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Economists decry interest rate increase: 'It’s always the poor who bear the brunt'

Economists and business warned that the latest increase by the South African Reserve Bank (SARB) would have dire consequences for consumers. Picture: Henk Kruger/African News Agency(ANA)

Economists and business warned that the latest increase by the South African Reserve Bank (SARB) would have dire consequences for consumers. Picture: Henk Kruger/African News Agency(ANA)

Published Jan 28, 2022

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Cape Town - Consumers should brace themselves for a series of interest rate hikes this year, which started with Thursday’s 25 basis points increase which pushed the repo rate to 4%.

Economists and business warned that the latest increase by the South African Reserve Bank (SARB) would have dire consequences for consumers who were already struggling with high petrol, electricity and grocery prices.

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The decision follows the conclusion of the SARB’s first monetary policy committee (MPC) meeting of 2022 and the announcement by the bank governor Lesetja Kganyago, on Thursday on the back of spiking inflation locally and internationally.

Economists said an increased repo rate would mean an increased cost of living, especially for South Africans who are paying bonds.

SA Institute of Race Relations chief executive John Endres said interest rate hikes were a double-edged sword, they were good for savers and pensioners who relied on savings, because they earn more interest when rates are higher.

Endres said but on the other hand higher interest rates make life more difficult for people who have borrowed money, because now they'll be paying more on their credit.

“The rise in oil, petrol and electricity prices is determined less by interest rates and more by other factors, such as global energy prices and Eskom's attempts to cover its costs and pay its debt,” said Endres.

Political analyst at the Xubera Institute for Research and Development, Xolani Dube, said: “We have to understand in SA, there is nothing that protects the poor, there is no firewall that protects the poor, and people who pay more are the poor paying on behalf of the rich.”

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Dube said at the end of the day, whatever that is happening in the economy, the people who pay more are the poor, and even when the economy is improving, the economy only improves for the rich but the poor still bear the brunt of subsidising the poor.

Ayanda Ndimande, strategic business development manager: retail credit at Sanlam, said South Africans’ debt situation was getting worse, with the average debt-to-income ratio at an all-time high.

He said that was according to the latest Debt Index from DebtBusters for Q3 of 2021, which showed that the average debt-to-net-income ratio now stands at 116% across all income bands and 145% for those taking home more than R20 000.

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He said with consumers already relying heavily on debt to supplement their income before the pandemic, the current debt situation was unfortunately no surprise.

Ndimande said many consumers find themselves in a financial situation where their debt repayments are higher than their income.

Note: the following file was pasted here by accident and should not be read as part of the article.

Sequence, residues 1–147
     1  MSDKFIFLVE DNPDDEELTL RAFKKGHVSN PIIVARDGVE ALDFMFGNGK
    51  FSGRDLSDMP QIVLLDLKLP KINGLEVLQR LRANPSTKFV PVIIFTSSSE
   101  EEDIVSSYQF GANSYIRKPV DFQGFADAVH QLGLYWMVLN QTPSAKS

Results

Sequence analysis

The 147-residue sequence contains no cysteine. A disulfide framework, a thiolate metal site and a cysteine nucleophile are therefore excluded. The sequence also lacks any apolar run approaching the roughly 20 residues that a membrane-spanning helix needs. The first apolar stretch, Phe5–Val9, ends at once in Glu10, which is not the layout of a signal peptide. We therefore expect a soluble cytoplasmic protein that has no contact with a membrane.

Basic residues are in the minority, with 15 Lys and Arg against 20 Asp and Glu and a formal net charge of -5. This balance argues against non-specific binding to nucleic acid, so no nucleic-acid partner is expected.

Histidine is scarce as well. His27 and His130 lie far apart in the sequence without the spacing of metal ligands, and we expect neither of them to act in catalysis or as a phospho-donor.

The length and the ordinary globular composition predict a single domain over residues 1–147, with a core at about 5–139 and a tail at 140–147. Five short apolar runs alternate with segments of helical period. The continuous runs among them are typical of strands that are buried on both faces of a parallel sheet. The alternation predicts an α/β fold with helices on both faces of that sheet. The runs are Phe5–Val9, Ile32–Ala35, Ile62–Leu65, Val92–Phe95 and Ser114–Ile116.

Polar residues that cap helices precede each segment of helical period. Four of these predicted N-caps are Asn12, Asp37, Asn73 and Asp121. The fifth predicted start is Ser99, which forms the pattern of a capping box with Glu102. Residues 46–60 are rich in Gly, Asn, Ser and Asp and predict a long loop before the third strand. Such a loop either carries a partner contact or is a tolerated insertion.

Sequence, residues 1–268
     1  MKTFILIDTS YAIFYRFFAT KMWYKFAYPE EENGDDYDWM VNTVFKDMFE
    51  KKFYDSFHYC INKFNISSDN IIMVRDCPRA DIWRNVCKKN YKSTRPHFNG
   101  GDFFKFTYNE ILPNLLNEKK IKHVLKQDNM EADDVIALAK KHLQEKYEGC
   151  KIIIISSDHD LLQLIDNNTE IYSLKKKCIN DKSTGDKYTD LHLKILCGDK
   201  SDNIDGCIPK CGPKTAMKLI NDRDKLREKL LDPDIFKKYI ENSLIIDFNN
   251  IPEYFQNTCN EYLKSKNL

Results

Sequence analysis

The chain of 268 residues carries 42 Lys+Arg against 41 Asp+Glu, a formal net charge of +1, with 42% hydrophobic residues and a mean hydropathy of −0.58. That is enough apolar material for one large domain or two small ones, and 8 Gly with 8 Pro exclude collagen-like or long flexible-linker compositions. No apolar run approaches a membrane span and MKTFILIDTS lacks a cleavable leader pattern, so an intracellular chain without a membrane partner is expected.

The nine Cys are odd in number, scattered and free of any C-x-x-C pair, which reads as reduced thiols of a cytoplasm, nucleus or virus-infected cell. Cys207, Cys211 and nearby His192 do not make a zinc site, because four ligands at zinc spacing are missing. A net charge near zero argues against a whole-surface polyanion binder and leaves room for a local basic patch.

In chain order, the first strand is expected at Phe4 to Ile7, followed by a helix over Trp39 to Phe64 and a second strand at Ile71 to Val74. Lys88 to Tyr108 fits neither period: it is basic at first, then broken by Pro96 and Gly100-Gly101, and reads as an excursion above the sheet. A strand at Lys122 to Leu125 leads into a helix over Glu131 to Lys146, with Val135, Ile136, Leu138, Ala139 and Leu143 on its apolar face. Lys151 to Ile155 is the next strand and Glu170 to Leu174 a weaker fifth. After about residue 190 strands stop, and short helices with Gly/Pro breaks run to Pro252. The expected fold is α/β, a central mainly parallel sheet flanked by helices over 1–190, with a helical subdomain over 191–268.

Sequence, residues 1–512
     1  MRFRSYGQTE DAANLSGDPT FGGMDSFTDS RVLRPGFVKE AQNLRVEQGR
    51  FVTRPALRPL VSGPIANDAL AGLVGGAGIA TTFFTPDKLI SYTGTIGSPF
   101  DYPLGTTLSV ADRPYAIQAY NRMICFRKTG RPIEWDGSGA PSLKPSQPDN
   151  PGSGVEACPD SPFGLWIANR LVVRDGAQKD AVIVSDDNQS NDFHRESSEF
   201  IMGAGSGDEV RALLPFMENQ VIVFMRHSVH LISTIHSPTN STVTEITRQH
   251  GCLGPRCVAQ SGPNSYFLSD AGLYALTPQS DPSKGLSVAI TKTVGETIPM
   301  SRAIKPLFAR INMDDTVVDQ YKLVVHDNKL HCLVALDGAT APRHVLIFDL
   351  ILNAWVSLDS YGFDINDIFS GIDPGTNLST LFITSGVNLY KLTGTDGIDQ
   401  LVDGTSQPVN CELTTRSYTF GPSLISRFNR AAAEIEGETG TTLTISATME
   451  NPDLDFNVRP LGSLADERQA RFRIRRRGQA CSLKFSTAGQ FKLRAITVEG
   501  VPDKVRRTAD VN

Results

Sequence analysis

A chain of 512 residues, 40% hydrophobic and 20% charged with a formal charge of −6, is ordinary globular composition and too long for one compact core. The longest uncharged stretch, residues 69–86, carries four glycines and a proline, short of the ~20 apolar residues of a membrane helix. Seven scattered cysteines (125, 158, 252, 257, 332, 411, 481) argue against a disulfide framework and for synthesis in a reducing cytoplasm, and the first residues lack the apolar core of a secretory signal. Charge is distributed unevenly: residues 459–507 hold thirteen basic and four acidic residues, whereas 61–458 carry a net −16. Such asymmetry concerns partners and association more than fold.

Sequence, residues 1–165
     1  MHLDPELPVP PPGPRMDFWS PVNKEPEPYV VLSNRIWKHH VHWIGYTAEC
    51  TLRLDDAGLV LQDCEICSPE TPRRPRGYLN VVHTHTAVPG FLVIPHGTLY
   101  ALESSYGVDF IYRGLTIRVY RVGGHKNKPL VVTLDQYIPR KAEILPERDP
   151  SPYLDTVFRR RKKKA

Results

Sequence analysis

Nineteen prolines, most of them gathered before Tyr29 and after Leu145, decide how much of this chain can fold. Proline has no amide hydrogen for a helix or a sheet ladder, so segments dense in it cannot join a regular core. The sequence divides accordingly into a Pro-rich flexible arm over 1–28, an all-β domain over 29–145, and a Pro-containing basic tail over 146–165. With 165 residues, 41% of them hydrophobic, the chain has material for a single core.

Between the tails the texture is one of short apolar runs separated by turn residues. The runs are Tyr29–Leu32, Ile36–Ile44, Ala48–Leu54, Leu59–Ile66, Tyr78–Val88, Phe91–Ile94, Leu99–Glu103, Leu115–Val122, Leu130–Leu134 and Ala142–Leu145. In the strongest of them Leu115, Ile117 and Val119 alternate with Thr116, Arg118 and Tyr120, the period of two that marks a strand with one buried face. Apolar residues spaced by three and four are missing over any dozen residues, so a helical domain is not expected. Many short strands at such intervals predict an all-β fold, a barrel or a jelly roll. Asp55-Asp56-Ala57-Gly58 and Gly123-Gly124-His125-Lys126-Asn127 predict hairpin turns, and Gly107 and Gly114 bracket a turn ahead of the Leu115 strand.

“This is often due to unregulated lenders known as ’Mashonisas’ who extend loans without any affordability assessments. Many consumers are also financially responsible for their extended family and their income is insufficient to cover their needs and those of their dependants.”

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Cape Chamber of Commerce and Industry president Jacques Moolman said almost every business, large and small, either uses banks or borrows from banks.

Moolman said consequently any increase in the Reserve Bank lending rate would affect their costs, most of which they would pass on in the prices they charge for their services or products.

He said a higher bank rate would affect consumer-driven businesses and they would see a reduction in sales, further squeezing their under-pressure cash flow.

“In the long run a higher interest rate will moderate price increases and curb the inflation rate, making products and services less expensive for consumers,” he said.

He said given the amount of money the country spends on welfare, the salaries of an over-manned public service, and now Covid-19 countermeasures, monetary inflation is a very real prospect.

“Inflation is a tax on everyone with enormously negative effects on the economy. The bank lending rate is a means of controlling over-borrowing and is an attempt to control inflation. Without control of inflation, the economy will swiftly slide, with disastrous consequences to both business and the consumer.”

Bheki Mahlobo, an economist and senior analyst at the Centre for Risk Analysis, said with the recent Omicron variant wave there was more evidence that the virus was getting less fatal, leading to many countries around the world removing some of their Covid-19 restrictions, which is positive for global travel and economic growth.

“We see the same trend in SA in terms of fewer people dying from the virus. However, the country does not have any indications of substantive economic growth,” said Mahlobo.

He said employment figures had not recovered to their pre-pandemic levels and had been stagnant over the past 10 years while consumer and business sentiment was weak.

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